There are many reasons why pursuing graduate study in the U.K is a good idea.
Your academic discipline might be understood quite differently in the UK, with different underlying philosophical or methodological assumptions. Doing graduate work abroad will widen your sense of what kind of work you do (and how you should do it), along with strengthening your sense of an international academic community. If you already have a Masters, you might be drawn by the possibility of enrolling in a Doctorate of Philosophy, which is essentially a three-year graduate degree that would give you the British equivalent of a PhD. And if you’re interested in an international career, studying abroad offers a great launching pad.
Keep in mind that while most of these scholarships have deadlines in October / November, many also have internal NYU deadlines so that you can secure NYU’s endorsement. You will need to review the endorsement process at at each scholarship’s webpage here.
- Fulbright is increasingly offering fellowships for 1-year taught Masters Programs abroad, and one of their most extensive offerings is the United Kingdom’s. Fulbright’s UK Partnership Awards are currently offered at 34 universities.
- The Rhodes Scholarship is arguably the most well-known American fellowship abroad. Bill Clinton has one. So does Kris Kristofferson. Tom Wolfe satirically wrote them in his novel I am Charlotte Simmons. (One character says to another, “You’re not doomed to being some obscure college teacher. You become a public intellectual. Everybody talks about your ideas.”) If awarded a Rhodes, you can study at Oxford University for up to two years. There are specific eligibility criteria that you need to read carefully. The Rhodes Trust is looking for men and women of outstanding intellectual ability who are well rounded, show leadership potential and have great moral character. (An overview of Oxford’s graduate degrees is here. You can also search by department.)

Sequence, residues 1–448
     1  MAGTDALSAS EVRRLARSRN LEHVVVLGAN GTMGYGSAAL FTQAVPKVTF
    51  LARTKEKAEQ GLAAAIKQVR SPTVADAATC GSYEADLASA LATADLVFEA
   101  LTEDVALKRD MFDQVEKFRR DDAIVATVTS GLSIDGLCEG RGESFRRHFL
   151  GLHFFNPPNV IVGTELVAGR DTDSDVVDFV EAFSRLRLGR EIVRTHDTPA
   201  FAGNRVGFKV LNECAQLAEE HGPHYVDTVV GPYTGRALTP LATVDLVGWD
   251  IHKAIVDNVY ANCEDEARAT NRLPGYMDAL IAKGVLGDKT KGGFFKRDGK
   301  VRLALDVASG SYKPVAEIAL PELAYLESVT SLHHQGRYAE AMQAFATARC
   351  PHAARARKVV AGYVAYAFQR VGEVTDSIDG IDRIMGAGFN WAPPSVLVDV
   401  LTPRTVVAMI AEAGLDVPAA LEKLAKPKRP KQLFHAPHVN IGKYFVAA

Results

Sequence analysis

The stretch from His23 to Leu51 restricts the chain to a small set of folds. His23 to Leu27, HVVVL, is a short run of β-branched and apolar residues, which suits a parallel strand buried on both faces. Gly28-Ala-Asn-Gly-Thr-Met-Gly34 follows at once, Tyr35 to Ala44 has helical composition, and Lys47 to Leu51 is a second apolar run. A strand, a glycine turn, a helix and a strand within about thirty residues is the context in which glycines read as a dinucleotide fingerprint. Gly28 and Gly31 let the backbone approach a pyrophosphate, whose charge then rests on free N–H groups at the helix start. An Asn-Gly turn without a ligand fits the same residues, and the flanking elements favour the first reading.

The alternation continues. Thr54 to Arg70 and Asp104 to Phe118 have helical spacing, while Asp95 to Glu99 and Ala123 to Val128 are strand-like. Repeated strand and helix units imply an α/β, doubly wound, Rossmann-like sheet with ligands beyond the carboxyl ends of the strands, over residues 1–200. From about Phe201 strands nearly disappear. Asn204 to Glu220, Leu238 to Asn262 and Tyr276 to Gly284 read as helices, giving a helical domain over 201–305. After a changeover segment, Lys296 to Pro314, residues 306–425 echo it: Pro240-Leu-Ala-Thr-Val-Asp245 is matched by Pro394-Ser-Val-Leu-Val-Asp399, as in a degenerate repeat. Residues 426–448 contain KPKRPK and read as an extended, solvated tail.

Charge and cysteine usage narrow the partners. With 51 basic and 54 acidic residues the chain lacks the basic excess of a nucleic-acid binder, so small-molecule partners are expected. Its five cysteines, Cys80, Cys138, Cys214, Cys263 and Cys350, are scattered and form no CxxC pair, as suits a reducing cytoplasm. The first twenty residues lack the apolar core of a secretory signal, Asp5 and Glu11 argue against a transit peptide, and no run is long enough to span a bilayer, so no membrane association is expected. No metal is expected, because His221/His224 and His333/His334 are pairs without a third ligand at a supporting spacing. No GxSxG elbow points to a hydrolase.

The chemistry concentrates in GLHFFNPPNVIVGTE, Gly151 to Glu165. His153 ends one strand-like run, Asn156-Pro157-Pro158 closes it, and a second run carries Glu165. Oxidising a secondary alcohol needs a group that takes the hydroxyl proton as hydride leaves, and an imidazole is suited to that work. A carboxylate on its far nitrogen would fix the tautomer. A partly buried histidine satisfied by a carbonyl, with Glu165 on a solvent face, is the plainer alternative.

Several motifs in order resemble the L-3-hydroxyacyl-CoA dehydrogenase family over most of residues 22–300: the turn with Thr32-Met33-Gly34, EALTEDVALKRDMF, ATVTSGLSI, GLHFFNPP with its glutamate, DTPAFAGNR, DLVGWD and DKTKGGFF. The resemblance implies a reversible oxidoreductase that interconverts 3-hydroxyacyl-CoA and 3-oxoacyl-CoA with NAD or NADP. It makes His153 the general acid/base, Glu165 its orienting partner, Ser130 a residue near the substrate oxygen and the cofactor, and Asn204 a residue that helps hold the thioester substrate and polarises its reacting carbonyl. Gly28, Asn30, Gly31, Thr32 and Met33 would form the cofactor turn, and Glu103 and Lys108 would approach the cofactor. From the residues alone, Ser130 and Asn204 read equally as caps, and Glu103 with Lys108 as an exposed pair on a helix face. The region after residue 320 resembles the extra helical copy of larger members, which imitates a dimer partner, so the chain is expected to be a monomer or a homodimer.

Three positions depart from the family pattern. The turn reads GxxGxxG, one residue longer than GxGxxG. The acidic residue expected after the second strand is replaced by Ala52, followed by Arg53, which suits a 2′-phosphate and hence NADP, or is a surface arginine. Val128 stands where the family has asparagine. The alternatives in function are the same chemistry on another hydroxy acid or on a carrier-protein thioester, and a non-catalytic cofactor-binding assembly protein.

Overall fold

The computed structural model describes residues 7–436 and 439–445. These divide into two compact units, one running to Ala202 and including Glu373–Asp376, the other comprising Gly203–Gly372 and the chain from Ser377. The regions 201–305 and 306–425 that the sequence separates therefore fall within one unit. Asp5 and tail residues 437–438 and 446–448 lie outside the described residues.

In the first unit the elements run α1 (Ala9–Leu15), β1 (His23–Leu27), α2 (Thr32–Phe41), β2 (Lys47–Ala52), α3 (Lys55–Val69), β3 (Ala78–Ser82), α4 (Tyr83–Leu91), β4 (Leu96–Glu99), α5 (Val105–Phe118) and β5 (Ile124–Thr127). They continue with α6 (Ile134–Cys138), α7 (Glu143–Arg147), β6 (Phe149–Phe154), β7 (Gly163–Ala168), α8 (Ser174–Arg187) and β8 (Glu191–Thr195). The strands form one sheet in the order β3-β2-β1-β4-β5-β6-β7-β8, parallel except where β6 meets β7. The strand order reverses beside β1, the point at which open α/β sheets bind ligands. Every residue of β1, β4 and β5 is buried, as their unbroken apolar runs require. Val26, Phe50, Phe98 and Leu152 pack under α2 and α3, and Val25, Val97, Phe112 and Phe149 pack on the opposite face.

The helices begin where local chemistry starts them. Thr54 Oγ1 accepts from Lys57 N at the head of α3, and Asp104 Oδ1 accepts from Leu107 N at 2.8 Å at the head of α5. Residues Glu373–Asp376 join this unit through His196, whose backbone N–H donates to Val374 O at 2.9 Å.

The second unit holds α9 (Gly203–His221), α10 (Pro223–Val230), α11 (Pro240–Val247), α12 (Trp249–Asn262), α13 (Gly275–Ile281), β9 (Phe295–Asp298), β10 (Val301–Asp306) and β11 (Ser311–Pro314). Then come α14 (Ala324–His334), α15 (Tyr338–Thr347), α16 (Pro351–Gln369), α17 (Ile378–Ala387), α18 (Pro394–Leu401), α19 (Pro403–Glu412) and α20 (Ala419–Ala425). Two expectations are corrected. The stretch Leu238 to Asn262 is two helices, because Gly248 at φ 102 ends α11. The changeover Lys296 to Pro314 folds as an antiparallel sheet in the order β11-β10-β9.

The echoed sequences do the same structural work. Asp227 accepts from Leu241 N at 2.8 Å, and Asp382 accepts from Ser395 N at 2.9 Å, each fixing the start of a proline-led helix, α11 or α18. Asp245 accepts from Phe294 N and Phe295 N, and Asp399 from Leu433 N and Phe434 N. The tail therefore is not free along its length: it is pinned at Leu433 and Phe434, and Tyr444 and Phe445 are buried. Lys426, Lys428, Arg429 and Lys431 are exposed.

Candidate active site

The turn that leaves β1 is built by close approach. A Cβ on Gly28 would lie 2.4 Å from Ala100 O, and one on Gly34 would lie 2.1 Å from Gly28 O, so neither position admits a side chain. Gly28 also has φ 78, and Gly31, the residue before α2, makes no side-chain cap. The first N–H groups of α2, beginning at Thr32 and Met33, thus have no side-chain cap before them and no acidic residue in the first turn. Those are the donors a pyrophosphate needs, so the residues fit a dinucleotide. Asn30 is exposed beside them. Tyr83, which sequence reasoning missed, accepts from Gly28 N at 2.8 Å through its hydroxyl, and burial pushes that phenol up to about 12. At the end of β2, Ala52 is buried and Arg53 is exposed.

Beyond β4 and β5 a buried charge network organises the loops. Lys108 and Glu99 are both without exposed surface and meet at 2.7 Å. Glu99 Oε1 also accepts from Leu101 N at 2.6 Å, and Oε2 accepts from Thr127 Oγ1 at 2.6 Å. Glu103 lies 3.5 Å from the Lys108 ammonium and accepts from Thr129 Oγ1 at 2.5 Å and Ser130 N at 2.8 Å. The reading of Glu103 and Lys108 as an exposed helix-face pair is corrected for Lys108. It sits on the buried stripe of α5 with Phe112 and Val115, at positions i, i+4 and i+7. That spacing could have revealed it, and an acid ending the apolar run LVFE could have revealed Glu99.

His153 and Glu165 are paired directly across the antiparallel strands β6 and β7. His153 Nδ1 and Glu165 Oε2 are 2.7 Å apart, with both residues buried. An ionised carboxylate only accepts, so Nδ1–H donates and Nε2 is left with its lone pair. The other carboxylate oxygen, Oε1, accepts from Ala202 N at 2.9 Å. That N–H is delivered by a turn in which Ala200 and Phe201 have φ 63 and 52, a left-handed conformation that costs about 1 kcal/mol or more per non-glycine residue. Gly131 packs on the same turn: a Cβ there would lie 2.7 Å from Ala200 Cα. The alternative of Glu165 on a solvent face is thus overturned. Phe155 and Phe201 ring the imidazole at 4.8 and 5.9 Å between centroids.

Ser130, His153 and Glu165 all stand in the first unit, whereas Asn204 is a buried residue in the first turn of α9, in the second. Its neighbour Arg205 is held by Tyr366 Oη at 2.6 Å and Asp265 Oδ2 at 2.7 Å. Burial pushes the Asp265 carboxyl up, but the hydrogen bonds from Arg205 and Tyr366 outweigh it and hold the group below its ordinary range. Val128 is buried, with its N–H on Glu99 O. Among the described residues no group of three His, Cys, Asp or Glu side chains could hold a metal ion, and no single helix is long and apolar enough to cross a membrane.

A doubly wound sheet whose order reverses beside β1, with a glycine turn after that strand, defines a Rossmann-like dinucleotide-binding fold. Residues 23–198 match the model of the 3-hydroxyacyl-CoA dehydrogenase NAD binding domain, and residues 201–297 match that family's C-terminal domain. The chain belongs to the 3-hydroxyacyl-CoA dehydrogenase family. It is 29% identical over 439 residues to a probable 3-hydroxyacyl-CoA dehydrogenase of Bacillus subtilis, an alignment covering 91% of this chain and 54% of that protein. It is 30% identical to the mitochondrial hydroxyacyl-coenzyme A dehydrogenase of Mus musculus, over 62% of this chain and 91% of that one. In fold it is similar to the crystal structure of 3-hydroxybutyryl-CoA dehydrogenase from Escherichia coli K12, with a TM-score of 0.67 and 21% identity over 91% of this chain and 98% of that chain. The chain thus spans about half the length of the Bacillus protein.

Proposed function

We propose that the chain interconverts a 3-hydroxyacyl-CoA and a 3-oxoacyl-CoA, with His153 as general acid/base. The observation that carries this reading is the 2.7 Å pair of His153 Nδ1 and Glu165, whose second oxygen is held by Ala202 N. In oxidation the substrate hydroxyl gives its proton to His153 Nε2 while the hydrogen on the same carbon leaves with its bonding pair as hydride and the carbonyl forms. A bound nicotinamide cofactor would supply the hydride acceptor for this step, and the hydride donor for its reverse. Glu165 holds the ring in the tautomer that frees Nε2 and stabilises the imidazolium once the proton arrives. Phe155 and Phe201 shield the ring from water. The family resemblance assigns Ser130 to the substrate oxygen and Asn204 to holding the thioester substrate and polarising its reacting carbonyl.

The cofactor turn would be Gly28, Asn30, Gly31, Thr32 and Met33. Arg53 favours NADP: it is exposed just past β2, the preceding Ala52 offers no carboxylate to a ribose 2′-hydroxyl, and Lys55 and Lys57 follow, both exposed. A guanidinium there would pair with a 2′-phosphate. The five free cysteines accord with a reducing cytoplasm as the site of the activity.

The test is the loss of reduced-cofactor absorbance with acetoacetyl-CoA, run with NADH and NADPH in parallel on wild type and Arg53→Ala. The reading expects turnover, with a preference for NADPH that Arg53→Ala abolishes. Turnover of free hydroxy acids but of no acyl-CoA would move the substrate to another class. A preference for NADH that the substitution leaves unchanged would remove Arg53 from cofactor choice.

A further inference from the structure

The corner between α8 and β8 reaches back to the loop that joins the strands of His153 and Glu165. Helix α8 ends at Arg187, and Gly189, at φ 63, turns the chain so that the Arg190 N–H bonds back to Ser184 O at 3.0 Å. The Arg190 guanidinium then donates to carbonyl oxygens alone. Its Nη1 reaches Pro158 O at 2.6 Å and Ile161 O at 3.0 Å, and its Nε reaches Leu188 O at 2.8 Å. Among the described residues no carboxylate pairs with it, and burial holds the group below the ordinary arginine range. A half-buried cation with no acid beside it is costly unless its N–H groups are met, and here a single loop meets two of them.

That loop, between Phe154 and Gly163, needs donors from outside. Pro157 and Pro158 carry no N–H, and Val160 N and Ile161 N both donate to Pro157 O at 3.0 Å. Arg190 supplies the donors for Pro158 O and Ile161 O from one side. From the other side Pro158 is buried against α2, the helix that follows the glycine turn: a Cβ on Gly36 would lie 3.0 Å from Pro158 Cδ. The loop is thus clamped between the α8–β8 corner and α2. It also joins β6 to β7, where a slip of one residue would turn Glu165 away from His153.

- The Marshall Scholarship is also extremely prestigious and focused on leadership, academic excellence as well as ambassadorial potential, which is essentially the ability for its recipients to further US-UK ties. Recipients of the Marshall can study at a variety of different UK universities, and may choose to embark on a 2-year degree or 2 1-year degrees.
- The Mitchell Scholarship allows students to compete a year-long graduate program or research in Ireland or Northern Ireland.
- The Gates Cambridge Scholarship Programme offer scholarships to men and women of outstanding academic ability who show leadership potential and a commitment to improving the lives of others and who are interested in pursuing a graduate degree at Cambridge University. (An overview of Cambridge’s graduate degrees is here and a discussion of the benefits here. They also describe the structure of the university and term dates.) The Gates Cambridge is one of the few UK scholarships listed here that is also open to non-U.S. citizens; there is both an American competition and a global competition.
- The Churchill Scholarship provides funding to American students for a year of Master’s study in science, mathematics and engineering at the University of Cambridge.
It’s imperative that there is a good fit between your current academic focus and the program of graduate study you wish to undertake in the United Kingdom. Oxford is not automatically the best fit, and none of these scholarships should be applied to for the prestige alone. Your proposed plan of study will need to be well-researched, and compelling. You can use the UK course search to find all types of institution that teach the courses you're interested in, or find a school, college or university by name here. The following websites should help to give you a better idea of what each university and college has to offer you:
- Unistats allows you to search for and compare information on university and college courses across the UK. You can use Unistats to find out what previous students thought about the course you're interested in, the likely costs, and the kind of jobs or further study that students went on to after graduating.
- QAA conducts reviews of all recognized and listed UK higher education institutions, evaluating the quality of their teaching, facilities and academic education. Have a look at their website to find out how each institution performed.
- The Research Assessment Exercise (to be replaced by the Research Assessment Framework in 2014) evaluates UK universities and colleges in terms of the quality of their academic research. Visit their website for reports on each institution that took part in the assessment.